Paul Knight had enjoyed writing, and reading newspapers and magazines, as a student at Wylie High School. At UNT, he worked his way up to managing editor of the North Texas Daily. But after working for the Daily for two years, he says he was burned out from writing what he considered to be formulaic journalism, and considered not working in the field after graduation.
His outlook changed in 2005 after George Getschow, principal lecturer in journalism and writer-in-residence for the annual Mayborn Literary Nonfiction Conference, talked him into attending the first conference and the first literary nonfiction writing class in Archer City before the conference.
In Archer City, Knight met 73-year-old C.S. Green at the American Legion hall, and began writing a long story on Green and other American Legion regulars, using narrative journalism techniques. He worked on the story for weeks — and decided that long-form journalism was the career for him.
“I think that anyone who wants to go into journalism should decide the exact type of writing that you want to do and are passionate about. I know others who are writing and making a living in journalism, but they’re not writing what they really want to write about, in the form in which they want to write,” he says.
Knight became Getschow’s teaching assistant and helped to organize the 2006 conference, where he met notables in long-form journalism such as Skip Hollandsworth, a longtime writer for Texas Monthly.
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But Knight didn’t start out in magazine-style, narrative journalism after he graduated. He was a general assignment reporter for Mobile Press-Register for almost a year, until a friend from UNT’s journalism program mentioned him to the executive editor of Village Voice Media, which owns the Houston Press.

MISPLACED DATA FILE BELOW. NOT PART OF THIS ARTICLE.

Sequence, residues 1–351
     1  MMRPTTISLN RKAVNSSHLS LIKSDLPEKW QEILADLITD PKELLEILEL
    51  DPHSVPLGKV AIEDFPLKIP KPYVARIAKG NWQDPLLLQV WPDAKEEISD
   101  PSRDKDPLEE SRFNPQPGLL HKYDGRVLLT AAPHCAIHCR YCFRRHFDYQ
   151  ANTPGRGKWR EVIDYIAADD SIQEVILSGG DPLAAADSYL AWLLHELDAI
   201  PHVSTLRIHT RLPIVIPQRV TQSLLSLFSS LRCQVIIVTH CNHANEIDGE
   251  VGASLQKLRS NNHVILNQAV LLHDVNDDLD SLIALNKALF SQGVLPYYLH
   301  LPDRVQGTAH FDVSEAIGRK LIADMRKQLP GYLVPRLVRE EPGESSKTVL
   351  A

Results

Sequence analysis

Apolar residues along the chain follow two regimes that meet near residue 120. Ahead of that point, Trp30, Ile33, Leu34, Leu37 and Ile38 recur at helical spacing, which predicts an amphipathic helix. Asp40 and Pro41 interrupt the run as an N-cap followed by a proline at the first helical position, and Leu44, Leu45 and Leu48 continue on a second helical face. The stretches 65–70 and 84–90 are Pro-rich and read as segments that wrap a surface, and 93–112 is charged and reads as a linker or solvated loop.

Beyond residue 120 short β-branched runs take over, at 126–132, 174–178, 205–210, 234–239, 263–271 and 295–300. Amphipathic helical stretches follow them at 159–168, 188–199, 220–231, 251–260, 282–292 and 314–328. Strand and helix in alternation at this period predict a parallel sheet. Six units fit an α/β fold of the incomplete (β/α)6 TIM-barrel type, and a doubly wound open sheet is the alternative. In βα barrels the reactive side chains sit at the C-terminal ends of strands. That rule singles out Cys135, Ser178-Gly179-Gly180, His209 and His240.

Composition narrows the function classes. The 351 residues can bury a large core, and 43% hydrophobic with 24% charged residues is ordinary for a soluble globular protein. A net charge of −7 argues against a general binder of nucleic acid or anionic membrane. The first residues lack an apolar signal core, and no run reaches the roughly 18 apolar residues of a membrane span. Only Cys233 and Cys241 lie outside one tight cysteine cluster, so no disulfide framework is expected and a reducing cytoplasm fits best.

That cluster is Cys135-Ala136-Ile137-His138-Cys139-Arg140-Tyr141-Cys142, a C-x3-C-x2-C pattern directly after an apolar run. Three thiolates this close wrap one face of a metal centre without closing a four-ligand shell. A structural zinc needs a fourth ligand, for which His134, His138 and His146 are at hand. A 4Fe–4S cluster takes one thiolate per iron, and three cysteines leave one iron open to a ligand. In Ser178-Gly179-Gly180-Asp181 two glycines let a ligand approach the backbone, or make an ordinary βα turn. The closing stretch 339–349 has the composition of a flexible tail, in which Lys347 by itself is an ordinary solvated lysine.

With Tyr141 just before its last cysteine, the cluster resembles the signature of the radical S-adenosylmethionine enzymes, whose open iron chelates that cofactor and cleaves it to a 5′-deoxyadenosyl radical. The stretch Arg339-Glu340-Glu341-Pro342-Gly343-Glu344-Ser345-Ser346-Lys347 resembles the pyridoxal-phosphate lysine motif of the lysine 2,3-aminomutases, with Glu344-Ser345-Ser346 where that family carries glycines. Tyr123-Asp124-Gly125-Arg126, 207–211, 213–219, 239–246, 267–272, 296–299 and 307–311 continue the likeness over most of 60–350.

In September 2007, Knight became a reporter for the Press, an alternative newsweekly that primarily publishes magazine-length investigative stories and profiles. His favorite stories for the publication include a profile of the 2010 basketball team of Houston’s Yates High School, which won the state championship; an investigation into the beating of a Texas A&M University student by two members of the university’s Corps of Cadets; and a profile of a bumbling thief in East Texas.
In February 2010, Knight was recognized by Investigative Reporters and Editors Inc., a grassroots nonprofit organization dedicated to improving the quality of investigative reporting, for his magazine-length story about the dangers of acceleration in the Toyota Prius that was published in April 2009 — months before the topic made international headlines.